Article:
Our Health Library information does not replace the advice of a doctor. Please be advised that this information is made available to assist our patients to learn more about their health. Our providers may not see and/or treat all topics found herein.

Ultrasound test

Ultrasound is a test that uses reflected sound waves to produce an image of organs and other structures in the body. It does not use X-rays or other types of possibly harmful radiation.

For ultrasound testing, gel or oil is applied to the skin to help transmit the sound waves. A small, handheld instrument called a transducer is passed back and forth over the area of the body that is being examined. The transducer sends out high-pitched sound waves (above the range of human hearing) that are reflected back to the transducer. A computer analyzes the reflected sound waves and converts them into a picture that is displayed on a TV screen. The picture produced by ultrasound is called a sonogram, echogram, or ultrasound scan. Pictures or videos of the ultrasound images may be made for a permanent record.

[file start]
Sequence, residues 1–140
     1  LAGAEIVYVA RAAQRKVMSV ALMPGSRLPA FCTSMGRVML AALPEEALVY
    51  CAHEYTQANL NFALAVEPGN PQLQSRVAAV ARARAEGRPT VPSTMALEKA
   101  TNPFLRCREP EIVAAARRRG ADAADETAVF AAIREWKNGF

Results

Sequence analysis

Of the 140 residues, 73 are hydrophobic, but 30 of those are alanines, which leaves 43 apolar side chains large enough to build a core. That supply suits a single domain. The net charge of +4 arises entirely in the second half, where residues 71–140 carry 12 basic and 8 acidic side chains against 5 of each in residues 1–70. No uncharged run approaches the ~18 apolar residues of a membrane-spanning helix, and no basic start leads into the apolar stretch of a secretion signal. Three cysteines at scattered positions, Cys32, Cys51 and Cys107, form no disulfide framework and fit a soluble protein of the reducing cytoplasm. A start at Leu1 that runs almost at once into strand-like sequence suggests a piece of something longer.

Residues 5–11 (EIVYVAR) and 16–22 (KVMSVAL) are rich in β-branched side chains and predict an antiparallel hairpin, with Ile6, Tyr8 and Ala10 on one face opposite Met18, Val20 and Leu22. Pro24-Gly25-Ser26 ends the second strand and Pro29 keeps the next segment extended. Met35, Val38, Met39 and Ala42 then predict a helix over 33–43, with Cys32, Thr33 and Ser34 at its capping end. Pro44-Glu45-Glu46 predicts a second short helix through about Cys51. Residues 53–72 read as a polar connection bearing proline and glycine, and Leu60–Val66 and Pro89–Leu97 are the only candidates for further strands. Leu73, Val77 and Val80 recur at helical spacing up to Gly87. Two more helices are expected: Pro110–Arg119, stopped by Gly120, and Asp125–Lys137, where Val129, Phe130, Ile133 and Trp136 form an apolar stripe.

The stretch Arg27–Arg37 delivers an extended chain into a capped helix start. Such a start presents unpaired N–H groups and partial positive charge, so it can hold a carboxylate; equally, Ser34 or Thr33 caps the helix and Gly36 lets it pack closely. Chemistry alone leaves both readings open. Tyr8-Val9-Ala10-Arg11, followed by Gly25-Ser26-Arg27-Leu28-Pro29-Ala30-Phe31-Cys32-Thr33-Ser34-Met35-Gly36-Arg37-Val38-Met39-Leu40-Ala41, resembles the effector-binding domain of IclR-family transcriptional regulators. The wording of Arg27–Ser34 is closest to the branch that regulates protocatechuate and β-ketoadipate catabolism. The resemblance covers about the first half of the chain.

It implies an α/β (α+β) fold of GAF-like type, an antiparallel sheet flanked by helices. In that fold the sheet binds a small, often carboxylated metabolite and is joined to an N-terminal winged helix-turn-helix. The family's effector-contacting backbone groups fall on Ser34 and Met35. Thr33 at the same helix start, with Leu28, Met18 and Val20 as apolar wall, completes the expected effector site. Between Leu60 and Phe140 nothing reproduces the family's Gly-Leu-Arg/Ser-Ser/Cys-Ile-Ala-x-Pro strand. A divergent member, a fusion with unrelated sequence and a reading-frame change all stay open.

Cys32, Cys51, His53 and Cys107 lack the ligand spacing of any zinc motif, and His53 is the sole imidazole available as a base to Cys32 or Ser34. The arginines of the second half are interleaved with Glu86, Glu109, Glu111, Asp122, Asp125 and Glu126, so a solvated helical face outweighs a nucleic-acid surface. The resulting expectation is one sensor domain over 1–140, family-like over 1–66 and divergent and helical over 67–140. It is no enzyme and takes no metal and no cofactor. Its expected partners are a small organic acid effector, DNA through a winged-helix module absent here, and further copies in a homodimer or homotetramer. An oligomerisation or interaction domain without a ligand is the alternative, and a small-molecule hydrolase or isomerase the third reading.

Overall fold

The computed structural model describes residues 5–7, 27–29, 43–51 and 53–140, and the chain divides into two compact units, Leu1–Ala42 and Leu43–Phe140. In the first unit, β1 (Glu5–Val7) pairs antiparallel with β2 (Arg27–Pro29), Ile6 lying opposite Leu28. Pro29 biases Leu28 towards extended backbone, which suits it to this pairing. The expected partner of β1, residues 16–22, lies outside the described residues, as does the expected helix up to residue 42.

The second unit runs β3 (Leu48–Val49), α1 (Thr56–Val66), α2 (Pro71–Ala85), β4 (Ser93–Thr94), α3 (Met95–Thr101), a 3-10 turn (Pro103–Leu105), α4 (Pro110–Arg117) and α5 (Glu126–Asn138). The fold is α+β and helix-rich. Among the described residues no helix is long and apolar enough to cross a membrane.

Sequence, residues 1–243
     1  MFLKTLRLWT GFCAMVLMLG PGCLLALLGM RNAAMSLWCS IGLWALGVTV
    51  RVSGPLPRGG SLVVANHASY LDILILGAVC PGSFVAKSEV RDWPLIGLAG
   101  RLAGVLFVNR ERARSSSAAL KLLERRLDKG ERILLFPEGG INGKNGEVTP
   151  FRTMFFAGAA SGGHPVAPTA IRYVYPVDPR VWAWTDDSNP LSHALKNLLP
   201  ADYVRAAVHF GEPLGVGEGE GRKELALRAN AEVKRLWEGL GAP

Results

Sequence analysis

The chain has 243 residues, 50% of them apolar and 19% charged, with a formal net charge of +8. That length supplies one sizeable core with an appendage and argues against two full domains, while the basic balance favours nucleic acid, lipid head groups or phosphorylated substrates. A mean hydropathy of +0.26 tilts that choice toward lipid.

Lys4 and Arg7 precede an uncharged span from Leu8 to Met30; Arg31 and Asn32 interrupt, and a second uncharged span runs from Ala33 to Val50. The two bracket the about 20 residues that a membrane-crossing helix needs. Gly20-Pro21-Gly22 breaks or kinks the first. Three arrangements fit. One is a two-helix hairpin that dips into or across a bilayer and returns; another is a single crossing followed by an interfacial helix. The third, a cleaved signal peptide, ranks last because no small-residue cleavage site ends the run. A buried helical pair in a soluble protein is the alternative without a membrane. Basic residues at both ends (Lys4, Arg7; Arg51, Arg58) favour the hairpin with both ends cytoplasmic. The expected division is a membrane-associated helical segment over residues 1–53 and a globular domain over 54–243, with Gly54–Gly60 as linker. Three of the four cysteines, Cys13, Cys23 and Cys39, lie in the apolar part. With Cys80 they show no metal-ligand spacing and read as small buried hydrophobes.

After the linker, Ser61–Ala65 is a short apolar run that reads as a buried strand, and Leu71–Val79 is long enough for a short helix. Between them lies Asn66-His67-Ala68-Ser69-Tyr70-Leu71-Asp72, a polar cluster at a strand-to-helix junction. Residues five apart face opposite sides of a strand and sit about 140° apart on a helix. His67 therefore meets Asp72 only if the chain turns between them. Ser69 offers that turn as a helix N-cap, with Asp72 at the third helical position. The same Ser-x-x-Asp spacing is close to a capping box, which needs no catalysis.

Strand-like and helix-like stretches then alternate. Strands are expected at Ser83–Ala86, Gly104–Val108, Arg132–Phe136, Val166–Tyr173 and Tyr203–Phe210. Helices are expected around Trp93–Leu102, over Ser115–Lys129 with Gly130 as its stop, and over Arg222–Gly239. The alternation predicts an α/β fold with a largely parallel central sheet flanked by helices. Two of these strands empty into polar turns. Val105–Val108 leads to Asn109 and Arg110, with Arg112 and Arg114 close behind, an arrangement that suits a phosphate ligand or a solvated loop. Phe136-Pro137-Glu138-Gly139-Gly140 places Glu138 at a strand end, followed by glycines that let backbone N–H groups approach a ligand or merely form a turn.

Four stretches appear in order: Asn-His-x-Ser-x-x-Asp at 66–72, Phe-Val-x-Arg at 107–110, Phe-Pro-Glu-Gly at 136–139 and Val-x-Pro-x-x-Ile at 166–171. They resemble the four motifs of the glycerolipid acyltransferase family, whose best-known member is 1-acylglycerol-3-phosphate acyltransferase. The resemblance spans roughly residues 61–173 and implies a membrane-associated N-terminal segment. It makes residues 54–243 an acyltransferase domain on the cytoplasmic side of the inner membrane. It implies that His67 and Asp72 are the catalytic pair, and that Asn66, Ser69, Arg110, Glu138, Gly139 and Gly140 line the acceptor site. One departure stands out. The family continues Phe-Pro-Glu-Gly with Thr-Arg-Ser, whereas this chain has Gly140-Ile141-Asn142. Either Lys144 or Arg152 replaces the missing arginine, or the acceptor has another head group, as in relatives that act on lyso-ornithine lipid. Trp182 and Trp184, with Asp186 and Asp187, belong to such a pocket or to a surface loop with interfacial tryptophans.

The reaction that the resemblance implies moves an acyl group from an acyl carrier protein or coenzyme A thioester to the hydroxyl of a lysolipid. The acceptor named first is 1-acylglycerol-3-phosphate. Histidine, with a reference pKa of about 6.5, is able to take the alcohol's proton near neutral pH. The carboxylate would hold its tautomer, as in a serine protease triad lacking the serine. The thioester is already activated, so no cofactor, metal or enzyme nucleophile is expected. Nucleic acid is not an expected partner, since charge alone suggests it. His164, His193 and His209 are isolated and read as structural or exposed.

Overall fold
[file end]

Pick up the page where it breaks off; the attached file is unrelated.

Ultrasound is most useful for looking at organs and structures that are either uniform and solid (such as the liver) or fluid-filled (such as the gallbladder). Mineralized structures (such as bones) or air-filled organs (such as the lungs) do not show up well on a sonogram.

STOP – COVID-19 (Corona Virus) Policy Effective Immediately

Dedicated to Women is doing everything we can to keep our patient population safe during the COVID-19 outbreak.

If you are experiencing cold or flu symptoms including cough and fever, please do not enter. We ask that you return to your car and message your provider directly on mychart or call our triage nursing team who will work directly with your physician on the proper care coordination for your specific treatment.

Additionally, to keep our patient population and community safe during this pandemic, we ask that you bring 1 visitor with you at your appointment and no children, including newborns. 

OBGYN in Delaware